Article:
New York Spends $4.3M on Technology to Stop Vehicles From Hitting Bridges
Governor says detectors should also help curb traffic troubles for Long Islanders.
Looking to prevent dangerous strikes to bridges, New York is spending $4.3 million to install additional detectors to keep too-tall vehicles off state parkways, where overpasses are lower than many.
The detector systems are intended to curtail incidents that in 2017 have so far included more than 120 intrusions of over-height vehicles onto state parkways, and more than 40 bridge strikes, a spokesman for the New York State Department of Transportation told The Drive.
Because New York State parkways traditionally have bridges that are lower than the standard legal bridge clearance, commercial vehicles, school buses, tractor trailers and other tall vehicles are banned from its parkways. But that doesn't mean trucks always stay off the roadways.
In October, a truck struck a low-lying Long Island Rail Road overpass in Westbury, prompting a move to raise the more than century-old structure two feet.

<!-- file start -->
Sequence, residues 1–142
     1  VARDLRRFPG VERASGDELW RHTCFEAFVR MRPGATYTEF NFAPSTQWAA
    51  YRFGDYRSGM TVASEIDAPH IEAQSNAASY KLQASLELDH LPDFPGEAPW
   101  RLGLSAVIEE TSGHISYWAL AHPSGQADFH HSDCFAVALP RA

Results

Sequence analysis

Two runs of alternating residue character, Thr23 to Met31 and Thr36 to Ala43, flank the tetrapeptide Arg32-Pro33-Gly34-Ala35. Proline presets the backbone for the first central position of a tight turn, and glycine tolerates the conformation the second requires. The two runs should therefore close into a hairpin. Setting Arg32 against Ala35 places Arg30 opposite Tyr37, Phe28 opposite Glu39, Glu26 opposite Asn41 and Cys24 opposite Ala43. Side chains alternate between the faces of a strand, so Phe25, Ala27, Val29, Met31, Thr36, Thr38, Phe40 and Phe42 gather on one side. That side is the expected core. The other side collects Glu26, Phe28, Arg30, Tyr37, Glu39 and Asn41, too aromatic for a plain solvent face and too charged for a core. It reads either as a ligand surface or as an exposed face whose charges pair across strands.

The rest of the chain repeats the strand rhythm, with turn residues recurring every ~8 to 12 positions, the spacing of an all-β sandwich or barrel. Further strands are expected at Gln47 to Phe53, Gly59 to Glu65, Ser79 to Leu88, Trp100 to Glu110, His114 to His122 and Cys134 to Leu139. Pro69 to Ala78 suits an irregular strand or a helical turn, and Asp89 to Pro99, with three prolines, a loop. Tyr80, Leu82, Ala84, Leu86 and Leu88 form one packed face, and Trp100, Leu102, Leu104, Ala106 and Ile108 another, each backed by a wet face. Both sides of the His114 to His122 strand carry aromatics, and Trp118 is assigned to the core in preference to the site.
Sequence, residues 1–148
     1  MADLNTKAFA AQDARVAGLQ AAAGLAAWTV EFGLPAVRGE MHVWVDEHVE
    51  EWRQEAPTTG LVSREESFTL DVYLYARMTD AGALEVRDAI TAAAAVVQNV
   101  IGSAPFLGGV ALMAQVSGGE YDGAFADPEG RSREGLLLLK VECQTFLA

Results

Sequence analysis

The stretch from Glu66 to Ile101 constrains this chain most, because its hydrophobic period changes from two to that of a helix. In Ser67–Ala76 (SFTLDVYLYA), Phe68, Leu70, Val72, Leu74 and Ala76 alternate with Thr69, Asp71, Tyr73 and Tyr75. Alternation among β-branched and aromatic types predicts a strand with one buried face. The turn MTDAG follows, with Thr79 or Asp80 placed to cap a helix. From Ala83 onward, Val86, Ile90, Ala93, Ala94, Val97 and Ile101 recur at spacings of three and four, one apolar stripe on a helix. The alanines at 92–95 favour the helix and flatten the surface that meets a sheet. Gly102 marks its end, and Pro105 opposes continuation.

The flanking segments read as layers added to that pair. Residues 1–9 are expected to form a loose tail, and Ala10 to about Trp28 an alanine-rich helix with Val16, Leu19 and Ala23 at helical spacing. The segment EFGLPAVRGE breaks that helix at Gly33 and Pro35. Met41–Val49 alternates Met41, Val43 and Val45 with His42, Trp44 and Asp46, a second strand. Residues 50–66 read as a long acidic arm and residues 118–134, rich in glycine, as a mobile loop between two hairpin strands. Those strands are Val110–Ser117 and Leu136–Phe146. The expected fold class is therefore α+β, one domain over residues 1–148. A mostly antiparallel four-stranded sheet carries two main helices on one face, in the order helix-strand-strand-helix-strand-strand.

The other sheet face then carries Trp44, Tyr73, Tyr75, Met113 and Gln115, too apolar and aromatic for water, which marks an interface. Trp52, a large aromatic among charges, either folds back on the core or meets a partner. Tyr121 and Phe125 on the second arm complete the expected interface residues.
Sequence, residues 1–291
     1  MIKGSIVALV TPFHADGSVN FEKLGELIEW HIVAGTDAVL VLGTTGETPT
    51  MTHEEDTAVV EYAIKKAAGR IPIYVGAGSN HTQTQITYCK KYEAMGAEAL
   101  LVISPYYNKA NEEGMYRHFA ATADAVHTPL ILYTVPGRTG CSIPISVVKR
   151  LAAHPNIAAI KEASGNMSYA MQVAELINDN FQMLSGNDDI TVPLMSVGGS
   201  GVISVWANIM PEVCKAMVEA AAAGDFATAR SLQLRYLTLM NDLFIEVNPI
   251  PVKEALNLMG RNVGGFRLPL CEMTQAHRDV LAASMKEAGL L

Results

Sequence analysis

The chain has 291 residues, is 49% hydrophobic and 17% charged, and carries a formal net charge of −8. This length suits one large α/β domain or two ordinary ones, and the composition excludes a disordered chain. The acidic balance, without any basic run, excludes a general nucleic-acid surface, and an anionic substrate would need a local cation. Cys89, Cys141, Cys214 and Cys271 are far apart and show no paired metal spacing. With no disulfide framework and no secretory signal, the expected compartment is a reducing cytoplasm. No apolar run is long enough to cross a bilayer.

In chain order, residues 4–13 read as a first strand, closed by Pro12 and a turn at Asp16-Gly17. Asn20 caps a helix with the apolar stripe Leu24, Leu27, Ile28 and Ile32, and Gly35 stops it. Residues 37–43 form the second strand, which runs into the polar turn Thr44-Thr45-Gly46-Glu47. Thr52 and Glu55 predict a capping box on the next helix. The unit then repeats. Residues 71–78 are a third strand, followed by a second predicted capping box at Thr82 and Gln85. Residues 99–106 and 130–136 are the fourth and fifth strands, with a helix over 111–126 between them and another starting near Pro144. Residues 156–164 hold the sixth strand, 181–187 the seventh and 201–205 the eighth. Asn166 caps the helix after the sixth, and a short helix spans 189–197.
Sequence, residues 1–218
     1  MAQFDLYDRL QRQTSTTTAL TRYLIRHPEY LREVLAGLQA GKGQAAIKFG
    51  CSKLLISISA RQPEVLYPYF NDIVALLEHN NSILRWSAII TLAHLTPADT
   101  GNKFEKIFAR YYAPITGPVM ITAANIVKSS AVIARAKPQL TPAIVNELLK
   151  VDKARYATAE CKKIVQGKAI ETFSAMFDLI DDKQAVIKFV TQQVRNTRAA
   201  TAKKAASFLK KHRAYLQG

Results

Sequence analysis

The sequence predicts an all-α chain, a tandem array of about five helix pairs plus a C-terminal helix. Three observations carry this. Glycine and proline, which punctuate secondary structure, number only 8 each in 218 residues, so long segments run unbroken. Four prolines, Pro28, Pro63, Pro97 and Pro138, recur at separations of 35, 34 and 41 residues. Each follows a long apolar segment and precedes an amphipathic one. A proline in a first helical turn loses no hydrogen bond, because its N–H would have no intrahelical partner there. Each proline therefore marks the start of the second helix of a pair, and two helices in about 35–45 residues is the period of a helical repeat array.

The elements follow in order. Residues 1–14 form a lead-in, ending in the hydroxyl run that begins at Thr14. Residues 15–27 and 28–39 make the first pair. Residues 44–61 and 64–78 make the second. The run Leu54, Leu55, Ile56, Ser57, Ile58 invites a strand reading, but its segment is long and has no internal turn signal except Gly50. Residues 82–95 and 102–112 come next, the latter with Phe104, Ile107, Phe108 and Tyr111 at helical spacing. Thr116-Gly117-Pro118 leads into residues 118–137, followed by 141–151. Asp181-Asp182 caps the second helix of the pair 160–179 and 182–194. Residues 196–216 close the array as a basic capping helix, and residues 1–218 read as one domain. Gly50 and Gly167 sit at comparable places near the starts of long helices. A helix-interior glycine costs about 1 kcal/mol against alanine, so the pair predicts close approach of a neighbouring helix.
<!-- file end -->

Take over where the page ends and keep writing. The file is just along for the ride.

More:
The project involves installing over-height detector systems at 13 locations with a history of trucks using to improperly enter parkways, with the technology relaying an invisible beam set at a specific bridge clearance height for the area. An over-height vehicle would set off a warning message on a color message sign display, alerting the driver of impending bridge strikes ahead. A camera linked to a state traffic center would also record the incident, and police could then be dispatched to the scene.
"Every bridge strike is not only a danger to the motorists and passengers involved, but also exacerbates the very serious traffic problems that Long Islanders experience every day," Governor Andrew Cuomo, said in a news release.
Similar systems were installed on five parkways in the Hudson Valley in 2015, with 30 percent fewer bridge strikes on the Hutchinson River Parkway in 2016 than four years earlier. The state's transportation department in 2011 installed slightly different technology near a low railroad bridge near Syracuse, with the location experiencing a reduction in bridge hits from several a year to an average of one annually.
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